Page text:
Texans You Should Know is a series highlighting overlooked figures and events from Texas history.

Around this time of year, Louise Raggio’s three sons miss the smell of cookies wafting from the compact kitchen in their childhood home. On the minuscule counter space, she’d prepare dozens of fruitcakes, peanut butter confections, and lines of sugar cookies squeezed out of piping tubes to create dainty ridges in the dough. “She was not the cleanest person, but I never remember there being discord around the kitchen,” says her youngest, Kenneth, now 71. Raggio, a petite, blond, blue-eyed woman, would recruit her husband to help; she’d spend a full weekend baking, staying up late into the night to package the treats as gifts. She rarely indulged in sweets, but made them by the dozen for family, friends, and colleagues.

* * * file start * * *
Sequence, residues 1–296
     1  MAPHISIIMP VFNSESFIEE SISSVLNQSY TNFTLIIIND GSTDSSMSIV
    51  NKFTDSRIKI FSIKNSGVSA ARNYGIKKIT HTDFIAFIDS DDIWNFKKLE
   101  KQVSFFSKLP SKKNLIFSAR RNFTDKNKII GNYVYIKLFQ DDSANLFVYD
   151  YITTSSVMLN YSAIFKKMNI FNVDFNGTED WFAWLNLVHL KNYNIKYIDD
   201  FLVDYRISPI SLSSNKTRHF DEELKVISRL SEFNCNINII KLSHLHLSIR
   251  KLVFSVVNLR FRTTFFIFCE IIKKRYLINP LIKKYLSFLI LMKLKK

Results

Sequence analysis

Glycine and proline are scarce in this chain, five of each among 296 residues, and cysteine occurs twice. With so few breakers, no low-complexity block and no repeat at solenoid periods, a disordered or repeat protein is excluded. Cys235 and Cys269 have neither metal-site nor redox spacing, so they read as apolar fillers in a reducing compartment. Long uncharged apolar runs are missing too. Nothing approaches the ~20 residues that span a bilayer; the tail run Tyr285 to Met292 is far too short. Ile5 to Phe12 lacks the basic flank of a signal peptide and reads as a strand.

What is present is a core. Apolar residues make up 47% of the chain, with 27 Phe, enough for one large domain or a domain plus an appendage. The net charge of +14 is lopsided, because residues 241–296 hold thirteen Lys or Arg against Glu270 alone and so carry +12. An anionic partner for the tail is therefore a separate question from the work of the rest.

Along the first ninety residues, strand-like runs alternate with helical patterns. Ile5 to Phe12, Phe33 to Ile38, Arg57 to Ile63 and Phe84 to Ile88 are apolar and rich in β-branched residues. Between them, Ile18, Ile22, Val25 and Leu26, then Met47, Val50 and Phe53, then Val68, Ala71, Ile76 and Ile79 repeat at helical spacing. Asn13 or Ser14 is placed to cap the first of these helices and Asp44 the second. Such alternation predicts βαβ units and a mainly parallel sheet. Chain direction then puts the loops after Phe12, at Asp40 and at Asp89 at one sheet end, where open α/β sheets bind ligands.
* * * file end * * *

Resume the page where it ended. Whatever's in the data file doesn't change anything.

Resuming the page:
Raggio never looked like anything but an average, middle-class homemaker—and that’s exactly the way she wanted it. Frances Harris, a Dallas attorney and friend of Raggio’s, says she always had her hair done, wore sensible and stylish clothing, and never left the house without her signature shade of red lipstick. Those who knew her best say maintaining appearances was key to her many achievements. Raggio’s looks reflected her by-the-book personality, but they also helped her seem nonthreatening, paving the way for her to do subversive, feminist work. She was part of the first generation of female lawyers in Texas and the driving force behind the state’s Marital Property Act of 1967, a little-known but influential piece of legislation that gave married women the same rights as their husbands and paved the way for the country’s first unified family code. Prior to the law, which went into effect on January 1, 1968, women had the same rights as “infants, idiots and felons,” as Raggio wrote in her autobiography, Texas Tornado. Because Texas law required married women to receive permission from their husbands for every signature, lawsuit, and bank check, Raggio counted herself among the lawyers, businesswomen, and other female professionals who practiced illegally for much of their careers.